“You did. But . . . why me?”

“Circumstance. You have not left the camp.” Westheimer raised an eyebrow. “Have you?”

“No. Only for work details.”

“I am trusting that you are telling the truth. That eliminates you accidentally disturbing a witch’s territory, which leaves us with the idea that it is poor circumstances. And, perhaps, the use of a specialized crystal ball.”

“I had always thought those were fake.”

Westheimer shook his head. “Crystal balls have a myriad of uses. Some are enchanted to see events in a person’s future. Others can be enchanted to see someone’s dreams as they happen. In my experience, someone being tormented by a witch can almost always be traced back to a crystal ball. This particular witch was likely probing the area—he or she likely has a hut in the woods around the camp—and found you.”

“All because I have nightmares.” Unable to stand anymore, Plundell sunk to the floor, staring into the fire. “It doesn’t help with the poltergeist incident. I keep hearing its voice in my dreams at night and sometimes I wonder if it’s actually gone. Now I’m going to start fearing that there’ll be witches outside the barracks windows.”

“I can promise you that will not happen, but—” Westheimer held up the pendant, “that is why I suggest you wear this, with a protective spell on it. It does not have to be visible. You can tuck it under your clothing.”

“You’re certain it will be safe?”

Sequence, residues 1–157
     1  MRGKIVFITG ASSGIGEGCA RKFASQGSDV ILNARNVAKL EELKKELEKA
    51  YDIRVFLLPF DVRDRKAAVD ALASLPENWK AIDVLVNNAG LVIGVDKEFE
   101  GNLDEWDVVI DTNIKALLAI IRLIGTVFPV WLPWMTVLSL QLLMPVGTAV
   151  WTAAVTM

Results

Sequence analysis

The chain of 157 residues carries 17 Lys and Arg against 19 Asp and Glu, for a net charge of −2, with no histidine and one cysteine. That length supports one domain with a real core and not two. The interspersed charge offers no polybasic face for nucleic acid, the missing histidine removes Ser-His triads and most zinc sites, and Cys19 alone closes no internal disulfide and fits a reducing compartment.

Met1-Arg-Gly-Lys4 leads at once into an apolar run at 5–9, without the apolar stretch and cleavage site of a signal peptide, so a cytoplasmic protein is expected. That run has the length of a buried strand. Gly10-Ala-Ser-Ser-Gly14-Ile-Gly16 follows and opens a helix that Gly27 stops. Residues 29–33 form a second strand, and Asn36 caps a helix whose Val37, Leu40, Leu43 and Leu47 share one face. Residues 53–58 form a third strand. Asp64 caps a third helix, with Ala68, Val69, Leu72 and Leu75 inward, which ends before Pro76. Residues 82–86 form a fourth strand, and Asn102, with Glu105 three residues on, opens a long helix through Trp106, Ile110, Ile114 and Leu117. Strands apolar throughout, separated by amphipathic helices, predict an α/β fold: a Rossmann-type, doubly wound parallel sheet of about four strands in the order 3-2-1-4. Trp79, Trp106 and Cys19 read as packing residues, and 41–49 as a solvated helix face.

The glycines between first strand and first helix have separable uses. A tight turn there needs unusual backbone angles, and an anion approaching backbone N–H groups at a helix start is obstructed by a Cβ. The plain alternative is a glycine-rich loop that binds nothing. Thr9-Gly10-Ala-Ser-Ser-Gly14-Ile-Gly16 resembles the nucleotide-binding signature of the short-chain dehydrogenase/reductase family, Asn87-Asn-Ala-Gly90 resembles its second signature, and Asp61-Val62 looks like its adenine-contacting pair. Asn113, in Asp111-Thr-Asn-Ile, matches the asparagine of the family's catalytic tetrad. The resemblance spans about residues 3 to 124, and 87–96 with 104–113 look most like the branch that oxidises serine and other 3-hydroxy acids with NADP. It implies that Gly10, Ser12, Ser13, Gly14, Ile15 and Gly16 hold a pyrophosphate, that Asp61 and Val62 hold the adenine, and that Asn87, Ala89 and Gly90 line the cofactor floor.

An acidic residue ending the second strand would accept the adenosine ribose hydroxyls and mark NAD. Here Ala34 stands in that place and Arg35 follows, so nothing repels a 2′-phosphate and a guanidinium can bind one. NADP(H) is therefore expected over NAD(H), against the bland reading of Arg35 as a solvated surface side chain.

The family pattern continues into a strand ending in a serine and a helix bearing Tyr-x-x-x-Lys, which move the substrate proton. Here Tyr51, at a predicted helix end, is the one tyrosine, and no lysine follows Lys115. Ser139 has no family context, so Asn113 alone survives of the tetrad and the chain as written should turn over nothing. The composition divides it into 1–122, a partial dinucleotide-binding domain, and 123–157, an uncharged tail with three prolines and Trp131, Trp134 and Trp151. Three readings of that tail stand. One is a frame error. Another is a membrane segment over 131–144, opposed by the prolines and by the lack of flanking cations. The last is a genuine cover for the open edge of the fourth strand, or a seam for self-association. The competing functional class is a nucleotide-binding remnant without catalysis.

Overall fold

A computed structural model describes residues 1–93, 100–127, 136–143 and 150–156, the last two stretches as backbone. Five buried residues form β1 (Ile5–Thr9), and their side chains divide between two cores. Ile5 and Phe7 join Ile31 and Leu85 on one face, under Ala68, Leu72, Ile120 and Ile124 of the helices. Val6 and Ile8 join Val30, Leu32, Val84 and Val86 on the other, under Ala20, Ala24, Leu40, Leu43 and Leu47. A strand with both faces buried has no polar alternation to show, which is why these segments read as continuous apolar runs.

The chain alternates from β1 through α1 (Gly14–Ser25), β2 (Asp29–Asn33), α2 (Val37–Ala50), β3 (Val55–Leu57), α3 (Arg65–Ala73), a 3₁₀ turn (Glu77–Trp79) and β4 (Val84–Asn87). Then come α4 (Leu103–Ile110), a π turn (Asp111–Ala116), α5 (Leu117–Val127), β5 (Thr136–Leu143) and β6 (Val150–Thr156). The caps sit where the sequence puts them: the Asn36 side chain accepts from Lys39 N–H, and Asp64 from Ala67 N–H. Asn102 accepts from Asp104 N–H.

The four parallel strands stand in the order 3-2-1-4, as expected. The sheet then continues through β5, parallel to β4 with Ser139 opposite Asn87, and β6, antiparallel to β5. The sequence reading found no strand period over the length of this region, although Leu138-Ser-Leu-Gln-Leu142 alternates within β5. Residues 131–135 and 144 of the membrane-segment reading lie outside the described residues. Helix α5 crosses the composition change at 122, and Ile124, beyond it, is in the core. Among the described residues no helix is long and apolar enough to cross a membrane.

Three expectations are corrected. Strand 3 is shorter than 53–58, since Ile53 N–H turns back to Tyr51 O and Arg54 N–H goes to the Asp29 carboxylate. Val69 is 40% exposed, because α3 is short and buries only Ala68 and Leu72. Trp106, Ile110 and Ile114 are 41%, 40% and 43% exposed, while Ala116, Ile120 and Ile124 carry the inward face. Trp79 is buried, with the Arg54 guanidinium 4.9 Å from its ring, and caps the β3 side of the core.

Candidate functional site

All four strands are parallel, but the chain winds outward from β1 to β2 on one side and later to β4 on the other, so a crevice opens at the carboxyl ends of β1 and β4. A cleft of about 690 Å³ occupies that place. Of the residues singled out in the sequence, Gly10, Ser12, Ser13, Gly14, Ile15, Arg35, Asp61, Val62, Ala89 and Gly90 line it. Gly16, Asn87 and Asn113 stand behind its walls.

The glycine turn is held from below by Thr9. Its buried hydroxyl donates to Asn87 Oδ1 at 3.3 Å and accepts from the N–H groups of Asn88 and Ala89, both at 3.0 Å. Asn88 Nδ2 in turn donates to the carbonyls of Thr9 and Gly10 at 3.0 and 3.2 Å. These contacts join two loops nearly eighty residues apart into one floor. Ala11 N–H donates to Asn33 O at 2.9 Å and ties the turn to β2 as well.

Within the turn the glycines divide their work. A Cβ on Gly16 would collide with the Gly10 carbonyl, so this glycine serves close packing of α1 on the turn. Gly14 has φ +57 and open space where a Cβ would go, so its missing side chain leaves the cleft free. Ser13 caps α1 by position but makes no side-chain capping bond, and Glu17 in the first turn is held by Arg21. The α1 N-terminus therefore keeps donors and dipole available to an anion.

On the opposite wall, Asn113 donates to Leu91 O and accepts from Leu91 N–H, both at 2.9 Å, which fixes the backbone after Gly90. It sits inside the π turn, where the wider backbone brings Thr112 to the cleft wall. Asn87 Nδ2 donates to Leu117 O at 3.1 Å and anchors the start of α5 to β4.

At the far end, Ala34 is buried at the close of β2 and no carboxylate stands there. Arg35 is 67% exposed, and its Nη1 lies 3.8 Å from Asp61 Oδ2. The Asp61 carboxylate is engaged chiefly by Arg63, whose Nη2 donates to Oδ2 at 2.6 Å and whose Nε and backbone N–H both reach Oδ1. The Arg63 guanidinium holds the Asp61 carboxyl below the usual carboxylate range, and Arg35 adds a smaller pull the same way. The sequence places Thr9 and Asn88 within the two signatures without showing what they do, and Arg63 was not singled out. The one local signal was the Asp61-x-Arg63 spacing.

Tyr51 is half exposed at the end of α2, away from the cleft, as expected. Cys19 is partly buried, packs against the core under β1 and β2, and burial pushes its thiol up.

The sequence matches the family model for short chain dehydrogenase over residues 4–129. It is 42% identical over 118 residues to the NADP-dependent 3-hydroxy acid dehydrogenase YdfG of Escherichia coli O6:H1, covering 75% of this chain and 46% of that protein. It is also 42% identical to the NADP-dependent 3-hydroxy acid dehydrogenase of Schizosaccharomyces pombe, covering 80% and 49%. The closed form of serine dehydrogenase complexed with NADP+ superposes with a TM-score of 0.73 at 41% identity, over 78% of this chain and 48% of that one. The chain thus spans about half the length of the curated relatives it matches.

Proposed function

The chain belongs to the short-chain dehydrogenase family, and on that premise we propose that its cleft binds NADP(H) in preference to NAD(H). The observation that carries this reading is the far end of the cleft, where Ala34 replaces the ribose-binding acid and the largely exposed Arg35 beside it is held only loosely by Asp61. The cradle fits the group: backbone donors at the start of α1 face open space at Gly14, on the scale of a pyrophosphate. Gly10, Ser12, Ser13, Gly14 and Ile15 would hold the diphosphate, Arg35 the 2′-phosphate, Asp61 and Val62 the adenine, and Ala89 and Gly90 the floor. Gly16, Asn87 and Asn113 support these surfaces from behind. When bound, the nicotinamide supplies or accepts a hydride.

“Sergeant, do you trust me?”

Plundell nodded.

“It will be safe. I have done this before. It will not be complete until tomorrow morning, so, you do not have to hang around here.”

“Alright.” Plundell stood up, and looked at the box. “What about the hats and gloves and tea and food?”

“I have my concerns that some of those might be poisoned. I will let you know tomorrow morning.”


As the sun set, the snow had slowed a little. From a window in the barracks, Plundell watched clouds of steam rise up from the mugs the guards were passing out to each other. A part of him felt sorry for those who had to patrol during the night, especially in this weather.

“So, Westheimer thinks the necklace is cursed?” Kesby asked from a small table where he and another POW were playing chess.

“He didn’t say whether or not he knew, just that it was highly likely,” Plundell replied.

“Or he’s just messing with you to keep the necklace and sell it,” Wraight said from his bunk.

“I don’t think so. He tested it in his fireplace. It’s definitely enchanted.”

“Still. Maybe he has other witchy friends he’d like to sell it to.”

Plundell narrowed his eyes. “Again, I don’t think so. Besides, have you ever seen him leave the camp?”

“Plundell’s got a good point, there,” Kesby added. “I’ve never seen Westheimer’s car leave the motor pool.”

Wraight shrugged. “He might go when we’re on work detail.”